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MARIKANA, South Africa -- (UPDATE - 4:09 p.m.) Platinum giant Lonmin eased off its threat to fire miners who failed to return to work Tuesday, as South Africa urged the firm to allow more time to mourn those killed in a wildcat strike.
The world's third-largest platinum miner had warned the 3,000 workers on an illegal strike that they could face dismissal if they failed to report back to the job early Tuesday.
It has also urged the other 25,000 employees at the mine to come back, insisting they will be safe.
Workers were trickling in Tuesday, but as the deadline passed top mining executive Mark Munroe told local radio that mass firings would be counterproductive as the Marikana mine seeks to return to normalcy.
"I don't think it's going to contribute to a more stable environment if Lonmin goes out and puts deadlines and ultimatums and says we will fire everyone if no one comes to work," he said.
The government had urged Lonmin to allow more time for families to grieve the 44 people killed in strike-related violence, with six bodies still awaiting identification.
"In the context of the mourning of the people who passed away as a result of this strike, we thought it was important for them to consider the issue of suspending the deadline ... " said Collins Chabane, chief of the president's office.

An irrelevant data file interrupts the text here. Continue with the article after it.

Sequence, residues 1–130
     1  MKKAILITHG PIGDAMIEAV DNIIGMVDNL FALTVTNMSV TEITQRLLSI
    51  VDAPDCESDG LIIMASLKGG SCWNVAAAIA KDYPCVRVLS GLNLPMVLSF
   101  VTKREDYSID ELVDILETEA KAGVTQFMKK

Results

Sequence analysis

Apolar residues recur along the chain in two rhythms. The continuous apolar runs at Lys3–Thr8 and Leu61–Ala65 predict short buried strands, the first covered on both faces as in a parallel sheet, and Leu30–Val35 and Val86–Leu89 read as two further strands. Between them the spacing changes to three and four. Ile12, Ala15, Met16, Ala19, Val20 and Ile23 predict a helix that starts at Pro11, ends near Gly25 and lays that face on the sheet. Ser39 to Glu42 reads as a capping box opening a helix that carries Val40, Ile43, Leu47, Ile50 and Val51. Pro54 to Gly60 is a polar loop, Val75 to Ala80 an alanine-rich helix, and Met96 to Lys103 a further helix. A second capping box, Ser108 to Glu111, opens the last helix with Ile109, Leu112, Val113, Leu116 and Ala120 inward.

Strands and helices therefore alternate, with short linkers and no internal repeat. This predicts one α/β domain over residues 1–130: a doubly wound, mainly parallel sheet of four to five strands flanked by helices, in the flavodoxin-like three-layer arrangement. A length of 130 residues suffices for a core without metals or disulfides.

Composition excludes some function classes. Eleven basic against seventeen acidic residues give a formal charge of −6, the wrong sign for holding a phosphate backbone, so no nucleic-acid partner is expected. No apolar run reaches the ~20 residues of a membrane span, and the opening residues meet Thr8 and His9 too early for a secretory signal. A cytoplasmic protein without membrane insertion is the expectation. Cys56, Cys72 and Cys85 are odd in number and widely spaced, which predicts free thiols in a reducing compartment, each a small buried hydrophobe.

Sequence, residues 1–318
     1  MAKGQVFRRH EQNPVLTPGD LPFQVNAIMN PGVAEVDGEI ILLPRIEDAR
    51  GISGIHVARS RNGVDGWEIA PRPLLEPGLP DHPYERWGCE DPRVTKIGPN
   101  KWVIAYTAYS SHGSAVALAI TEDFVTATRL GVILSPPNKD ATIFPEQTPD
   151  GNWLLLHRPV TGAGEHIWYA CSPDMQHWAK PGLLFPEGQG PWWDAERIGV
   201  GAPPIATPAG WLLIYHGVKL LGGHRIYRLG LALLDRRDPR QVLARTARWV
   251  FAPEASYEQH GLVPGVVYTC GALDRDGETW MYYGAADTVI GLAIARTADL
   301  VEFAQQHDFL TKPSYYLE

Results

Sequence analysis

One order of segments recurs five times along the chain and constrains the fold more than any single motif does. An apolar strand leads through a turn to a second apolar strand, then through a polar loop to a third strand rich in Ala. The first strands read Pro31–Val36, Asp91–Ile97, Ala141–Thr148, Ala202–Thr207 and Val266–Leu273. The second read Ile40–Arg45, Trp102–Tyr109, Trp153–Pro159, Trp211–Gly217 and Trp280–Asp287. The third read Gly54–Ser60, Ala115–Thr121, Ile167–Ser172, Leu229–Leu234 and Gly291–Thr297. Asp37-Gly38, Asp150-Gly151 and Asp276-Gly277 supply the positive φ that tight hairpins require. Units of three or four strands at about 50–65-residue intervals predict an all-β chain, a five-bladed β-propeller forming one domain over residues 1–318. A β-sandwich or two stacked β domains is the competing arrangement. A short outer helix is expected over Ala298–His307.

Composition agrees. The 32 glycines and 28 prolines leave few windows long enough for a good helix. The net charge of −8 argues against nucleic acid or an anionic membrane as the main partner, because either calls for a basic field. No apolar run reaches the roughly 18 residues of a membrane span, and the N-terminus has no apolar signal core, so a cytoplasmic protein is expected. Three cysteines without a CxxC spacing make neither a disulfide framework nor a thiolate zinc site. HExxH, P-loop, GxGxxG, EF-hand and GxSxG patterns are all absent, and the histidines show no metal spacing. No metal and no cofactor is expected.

He said many workers are still afraid of being attacked in the inter-union clashes that left 10 dead in the days leading to Thursday's police crackdown, when 34 miners were gunned down.
"The situation is volatile, but we hope that the workers and the management will be reasonable enough for them to understand the gravity of the situation," Chabane said on national radio.
"The violence has been there, people have been brutally killed, and as long as people still brandish weapons and people still gather in the manner in which they are doing, people are worried that the violence can still flare up again," he said.
Over the last week, hundreds of workers have gathered near the mine, often carrying spears, machetes and clubs. Police said the mineworkers had charged on officers with these weapons and fired some shots, provoking the deadly shooting.
Police vans patrolled the area as small groups of workers entered the mine gates Tuesday. Lonmin said 27 percent of the workforce took up their tools on Monday.
President Jacob Zuma has declared a week of mourning with nationwide memorials planned for Thursday.
Authorities said they hoped that the process of identifying the bodies would be completed by Wednesday in time for the memorials planned around the country.
Many of the bodies will be transported long distances to return to the home villages of the mine's largely migrant workforce.
Violence at Marikana erupted in clashes blamed on members of the powerful National Union of Mineworkers and the radical new Association of Mineworkers and Construction Union.
The AMCU has made inroads by promising huge wage increases, such as a tripling of the basic monthly wage of 4,000 rand ($486, 400 euros) for rock drill operators, who organized the illegal strike.
That led to clashes with the established NUM whose membership has eroded since the emergence of the AMCU.
But Lonmin said it had not formally received any demands from the strikers and said the AMCU had not participated in its talks with workers.
Munroe said that in addition to salaries, rock drill operators receive bonuses and other allowances that bring their monthly pay to more than 11,000 rand -- before a nine percent increase that kicks in on October 1.